Set to launch in production form sometime late next year to coincide with the firm's 50th anniversary celebration, the McLaren P1 made its world debut at the 2012 Paris Auto Show as a technical "Design Study" that closely previews the automaker's next-generation supercar. With its overriding stated goal of being "the best driver's car in the world on road and track," it's hardly surprising to find this striking 2-seat coupe draws much of its technological and spiritual inspiration from the company's world-renowned racing division as well as from the firm's first mid-engined exotic, the iconic Mclaren F1 introduced in 1992.
"Our goal is to make the McLaren P1 the most exciting, most capable, most technologically advanced and most dynamically accomplished supercar ever made," notes McLaren Automotive Managing Director Antony Sheriff. Based on this preliminary first look, it appears that daunting mission is well on its way to being fully realized.
Although styling of the car has not been completely finalized, it's expected to retain virtually every key aspect as this well-crafted and aggressively edgy concept. That includes the double bubble contours of its roof and the top-mounted air scoop, both features also of the original McLaren F1 super coupe. Like the current MP4-12C, the P1's aero-optimized bodywork is rendered in lightweight carbon fiber composite, as is its central MonoCage tub structure -- an enhanced version of the MonoCell design used in the current MP4-12C Coupe and Spider.
However, as the P1's Chief Design Engineer, Dan Parry-Williams observes, the P1's compact and boldly contoured shape -- carefully honed in the McLaren Racing wind tunnel - "prioritizes function over pure style." Both the front and rear main body elements are large, single piece components that help trim weight and provide a cleaner look while the P1's relatively small frontal area and ultra-aggressive rear diffuser further helps the aero cause.
"Every body panel, air intake, and air exhaust was designed to guide in air from the most efficient places and to maximize cooling," notes Simon Lacey, former Head of Aerodynamics for the McLaren Racing, and now Head of Vehicle Technology for McLaren Automotive. "The unusual door ducts, from the initial styling sketches, draw air into the cooling circuit. That low body helps air get to the rear wing. The rear deck is extraordinarily low, just like a sports racing car. The extreme teardrop shape of the glasshouse guides more air more efficiently to the rear wing."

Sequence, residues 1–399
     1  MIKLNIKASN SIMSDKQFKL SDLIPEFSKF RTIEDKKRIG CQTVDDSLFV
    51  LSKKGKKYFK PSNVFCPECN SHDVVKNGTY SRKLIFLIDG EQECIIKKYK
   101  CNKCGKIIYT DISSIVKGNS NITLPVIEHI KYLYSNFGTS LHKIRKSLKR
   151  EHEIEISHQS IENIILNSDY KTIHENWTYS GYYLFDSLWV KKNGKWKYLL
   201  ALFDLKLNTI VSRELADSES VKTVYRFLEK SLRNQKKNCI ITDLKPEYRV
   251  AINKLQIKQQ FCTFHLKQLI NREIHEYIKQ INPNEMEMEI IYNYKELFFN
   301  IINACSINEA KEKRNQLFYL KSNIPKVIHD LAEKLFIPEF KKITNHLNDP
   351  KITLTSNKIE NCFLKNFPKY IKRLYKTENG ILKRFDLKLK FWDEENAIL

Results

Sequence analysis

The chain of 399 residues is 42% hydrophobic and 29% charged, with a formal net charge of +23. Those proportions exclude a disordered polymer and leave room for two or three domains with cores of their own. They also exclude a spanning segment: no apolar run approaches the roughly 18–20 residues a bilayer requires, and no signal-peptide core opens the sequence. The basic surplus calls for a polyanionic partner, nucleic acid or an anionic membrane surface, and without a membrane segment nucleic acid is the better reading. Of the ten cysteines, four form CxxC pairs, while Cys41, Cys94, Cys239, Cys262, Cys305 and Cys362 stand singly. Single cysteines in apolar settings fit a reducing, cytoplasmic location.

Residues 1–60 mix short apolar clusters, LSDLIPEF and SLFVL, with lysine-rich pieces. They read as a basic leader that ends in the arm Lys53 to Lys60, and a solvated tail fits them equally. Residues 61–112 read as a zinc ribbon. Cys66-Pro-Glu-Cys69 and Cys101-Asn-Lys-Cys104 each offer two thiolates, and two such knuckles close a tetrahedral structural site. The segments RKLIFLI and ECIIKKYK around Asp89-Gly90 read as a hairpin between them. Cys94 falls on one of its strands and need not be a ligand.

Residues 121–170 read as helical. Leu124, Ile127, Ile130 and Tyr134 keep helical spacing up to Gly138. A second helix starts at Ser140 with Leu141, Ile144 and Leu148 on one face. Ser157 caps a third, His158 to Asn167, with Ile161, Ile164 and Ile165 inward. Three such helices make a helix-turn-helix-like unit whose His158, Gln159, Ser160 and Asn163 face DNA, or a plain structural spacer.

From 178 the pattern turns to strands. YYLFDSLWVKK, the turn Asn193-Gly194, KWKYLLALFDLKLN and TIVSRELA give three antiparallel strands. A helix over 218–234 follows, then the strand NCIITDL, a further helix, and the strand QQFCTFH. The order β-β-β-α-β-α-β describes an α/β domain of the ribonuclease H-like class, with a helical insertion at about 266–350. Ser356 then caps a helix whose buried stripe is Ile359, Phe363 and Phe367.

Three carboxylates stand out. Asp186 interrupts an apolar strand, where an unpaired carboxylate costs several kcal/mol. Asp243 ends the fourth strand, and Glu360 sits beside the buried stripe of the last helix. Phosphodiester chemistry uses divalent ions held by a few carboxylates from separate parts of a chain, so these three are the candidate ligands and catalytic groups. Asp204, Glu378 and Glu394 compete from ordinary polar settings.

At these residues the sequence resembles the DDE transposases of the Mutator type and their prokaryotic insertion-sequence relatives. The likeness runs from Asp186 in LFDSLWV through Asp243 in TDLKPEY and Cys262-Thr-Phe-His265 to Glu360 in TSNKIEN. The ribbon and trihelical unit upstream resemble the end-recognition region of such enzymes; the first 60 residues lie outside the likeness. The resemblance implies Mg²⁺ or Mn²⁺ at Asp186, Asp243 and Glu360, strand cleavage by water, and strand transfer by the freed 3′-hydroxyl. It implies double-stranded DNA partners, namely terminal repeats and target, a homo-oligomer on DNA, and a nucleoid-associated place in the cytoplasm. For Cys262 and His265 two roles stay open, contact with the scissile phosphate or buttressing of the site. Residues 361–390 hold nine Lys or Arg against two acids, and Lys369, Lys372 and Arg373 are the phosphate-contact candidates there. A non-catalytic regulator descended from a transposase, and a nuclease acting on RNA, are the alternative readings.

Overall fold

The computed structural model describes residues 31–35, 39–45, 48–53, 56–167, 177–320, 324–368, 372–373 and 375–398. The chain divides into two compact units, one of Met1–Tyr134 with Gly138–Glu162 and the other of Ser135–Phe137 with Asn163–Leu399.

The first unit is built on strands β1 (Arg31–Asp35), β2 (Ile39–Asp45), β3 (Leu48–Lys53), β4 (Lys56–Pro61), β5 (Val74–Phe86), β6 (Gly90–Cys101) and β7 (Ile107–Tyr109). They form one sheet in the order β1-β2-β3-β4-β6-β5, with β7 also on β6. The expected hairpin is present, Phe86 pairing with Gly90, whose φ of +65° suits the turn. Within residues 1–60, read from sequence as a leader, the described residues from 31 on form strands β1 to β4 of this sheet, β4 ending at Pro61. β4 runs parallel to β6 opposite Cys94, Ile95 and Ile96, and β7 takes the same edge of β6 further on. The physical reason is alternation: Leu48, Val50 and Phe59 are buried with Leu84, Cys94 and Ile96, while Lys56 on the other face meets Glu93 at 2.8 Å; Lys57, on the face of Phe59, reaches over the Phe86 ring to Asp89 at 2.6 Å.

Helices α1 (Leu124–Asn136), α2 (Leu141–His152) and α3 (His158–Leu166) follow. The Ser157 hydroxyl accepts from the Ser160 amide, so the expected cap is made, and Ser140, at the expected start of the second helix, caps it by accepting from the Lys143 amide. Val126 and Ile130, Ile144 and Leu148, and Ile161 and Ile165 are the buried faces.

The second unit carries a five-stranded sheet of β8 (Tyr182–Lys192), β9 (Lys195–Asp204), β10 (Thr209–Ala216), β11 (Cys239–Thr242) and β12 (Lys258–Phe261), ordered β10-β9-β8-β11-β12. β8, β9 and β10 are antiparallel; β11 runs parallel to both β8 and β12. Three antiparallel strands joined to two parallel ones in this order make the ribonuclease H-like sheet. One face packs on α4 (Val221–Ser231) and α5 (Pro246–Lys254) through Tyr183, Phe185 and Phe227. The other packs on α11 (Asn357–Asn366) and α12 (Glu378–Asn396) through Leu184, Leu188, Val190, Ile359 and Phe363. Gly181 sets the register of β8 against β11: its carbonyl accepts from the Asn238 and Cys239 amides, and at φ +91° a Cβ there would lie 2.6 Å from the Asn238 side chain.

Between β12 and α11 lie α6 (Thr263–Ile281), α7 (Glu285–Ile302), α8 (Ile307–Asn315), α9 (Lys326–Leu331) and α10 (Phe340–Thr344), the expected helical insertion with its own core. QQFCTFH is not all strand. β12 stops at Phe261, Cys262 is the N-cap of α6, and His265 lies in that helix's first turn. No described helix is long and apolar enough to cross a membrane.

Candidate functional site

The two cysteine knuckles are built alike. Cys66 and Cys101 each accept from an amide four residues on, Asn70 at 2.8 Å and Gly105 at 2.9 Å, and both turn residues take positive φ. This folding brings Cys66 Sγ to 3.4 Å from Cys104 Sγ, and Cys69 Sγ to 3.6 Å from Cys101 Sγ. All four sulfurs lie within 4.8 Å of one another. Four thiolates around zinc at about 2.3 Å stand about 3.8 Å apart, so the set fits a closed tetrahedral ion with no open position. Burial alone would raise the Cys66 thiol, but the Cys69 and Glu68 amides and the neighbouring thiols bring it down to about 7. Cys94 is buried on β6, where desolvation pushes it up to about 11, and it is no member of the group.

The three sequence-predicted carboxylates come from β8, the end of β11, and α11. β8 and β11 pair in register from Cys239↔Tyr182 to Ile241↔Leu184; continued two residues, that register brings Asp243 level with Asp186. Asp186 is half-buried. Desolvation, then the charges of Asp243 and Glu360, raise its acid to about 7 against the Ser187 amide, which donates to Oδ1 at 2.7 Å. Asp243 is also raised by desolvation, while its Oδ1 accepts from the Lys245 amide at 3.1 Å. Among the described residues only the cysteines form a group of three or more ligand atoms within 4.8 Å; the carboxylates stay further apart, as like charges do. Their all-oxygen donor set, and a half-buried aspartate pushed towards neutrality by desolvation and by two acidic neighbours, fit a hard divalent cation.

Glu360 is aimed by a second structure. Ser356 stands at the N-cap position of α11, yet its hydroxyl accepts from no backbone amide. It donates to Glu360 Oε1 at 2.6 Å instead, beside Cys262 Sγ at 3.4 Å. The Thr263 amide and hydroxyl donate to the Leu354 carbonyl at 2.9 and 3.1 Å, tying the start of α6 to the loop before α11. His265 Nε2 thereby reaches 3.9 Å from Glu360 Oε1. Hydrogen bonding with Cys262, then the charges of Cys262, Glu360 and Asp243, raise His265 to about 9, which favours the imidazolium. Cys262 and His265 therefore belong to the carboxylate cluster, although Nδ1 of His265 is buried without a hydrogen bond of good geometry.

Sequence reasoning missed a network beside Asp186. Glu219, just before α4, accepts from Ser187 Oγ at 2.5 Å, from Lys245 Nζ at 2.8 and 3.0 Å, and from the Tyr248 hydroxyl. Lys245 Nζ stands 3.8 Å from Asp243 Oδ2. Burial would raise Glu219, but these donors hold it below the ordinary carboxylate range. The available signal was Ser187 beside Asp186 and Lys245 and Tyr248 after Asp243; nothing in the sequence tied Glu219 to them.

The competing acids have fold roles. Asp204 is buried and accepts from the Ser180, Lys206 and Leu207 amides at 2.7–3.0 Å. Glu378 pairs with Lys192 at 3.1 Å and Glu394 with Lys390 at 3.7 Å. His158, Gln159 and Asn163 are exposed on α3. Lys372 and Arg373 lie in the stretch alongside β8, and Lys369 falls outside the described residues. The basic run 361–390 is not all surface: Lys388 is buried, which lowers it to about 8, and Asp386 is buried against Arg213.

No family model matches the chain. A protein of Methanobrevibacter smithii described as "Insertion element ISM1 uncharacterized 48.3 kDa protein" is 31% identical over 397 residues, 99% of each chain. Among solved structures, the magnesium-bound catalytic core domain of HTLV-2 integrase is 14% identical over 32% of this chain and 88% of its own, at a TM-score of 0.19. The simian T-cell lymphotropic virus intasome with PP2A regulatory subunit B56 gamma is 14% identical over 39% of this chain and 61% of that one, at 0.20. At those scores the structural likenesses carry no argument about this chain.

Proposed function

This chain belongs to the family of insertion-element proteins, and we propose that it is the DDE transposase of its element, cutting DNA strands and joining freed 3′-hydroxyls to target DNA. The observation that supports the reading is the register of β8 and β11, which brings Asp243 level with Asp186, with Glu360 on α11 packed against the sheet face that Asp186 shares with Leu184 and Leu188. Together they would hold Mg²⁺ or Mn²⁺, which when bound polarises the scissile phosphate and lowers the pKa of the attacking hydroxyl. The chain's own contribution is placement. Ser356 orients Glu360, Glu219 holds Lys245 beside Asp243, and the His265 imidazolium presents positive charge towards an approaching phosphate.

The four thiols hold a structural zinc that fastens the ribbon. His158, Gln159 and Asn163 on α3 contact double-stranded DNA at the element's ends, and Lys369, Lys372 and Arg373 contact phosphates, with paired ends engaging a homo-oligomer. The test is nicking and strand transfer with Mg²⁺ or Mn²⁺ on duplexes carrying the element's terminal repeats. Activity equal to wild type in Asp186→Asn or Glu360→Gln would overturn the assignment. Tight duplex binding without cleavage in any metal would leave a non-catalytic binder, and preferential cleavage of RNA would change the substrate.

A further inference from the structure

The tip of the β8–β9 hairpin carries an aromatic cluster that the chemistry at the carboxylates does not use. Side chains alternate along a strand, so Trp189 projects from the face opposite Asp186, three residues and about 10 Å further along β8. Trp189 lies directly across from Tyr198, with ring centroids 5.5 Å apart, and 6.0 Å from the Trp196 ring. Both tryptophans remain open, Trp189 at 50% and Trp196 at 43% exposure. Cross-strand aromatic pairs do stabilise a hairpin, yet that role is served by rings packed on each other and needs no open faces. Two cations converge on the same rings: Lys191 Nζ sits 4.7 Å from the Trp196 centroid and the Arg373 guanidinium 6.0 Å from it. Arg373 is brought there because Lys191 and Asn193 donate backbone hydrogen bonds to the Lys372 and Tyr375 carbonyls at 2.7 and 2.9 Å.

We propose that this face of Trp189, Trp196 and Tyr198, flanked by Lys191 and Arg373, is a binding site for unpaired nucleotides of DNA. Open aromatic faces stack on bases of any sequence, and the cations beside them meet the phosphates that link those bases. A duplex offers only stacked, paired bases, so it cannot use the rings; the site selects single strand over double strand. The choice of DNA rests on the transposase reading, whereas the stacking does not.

And when it comes to rear wings, this new McLaren supercar also goes boldly beyond any of its peers. The double-element profile was developed using the same methods and software as the McLaren Formula One team and adjusts automatically to increase the P1's stick in corners and optimize high-speed aerodynamics. Functioning much like the DRS (drag reduction system) used in the current strain of F1 racers, it's capable of extending up to 11.8 inches on the track and 4.7 inches on the street while increasing its pitch angle by 29 degrees.
This active rear wing works in concert with a pair of articulated flaps located on P1's underbody the ahead of the front wheels. Also auto adjusting, they're capable of moving though a 60-degree arc to further fine-tune the car's wind-cheating prowess. McLaren says the P1 can produce over 1,300 pounds of downforce at "well below maximum speed" - five times the amount generated by a road going MP4-12C and virtually on par with the firm's 12C GT3 competition variant. "On the race track, the McLaren P1 would display similar levels of performance to a Le Mans sports racer, adds Lacey. "It would have a level of racetrack performance never before seen in a series production road car."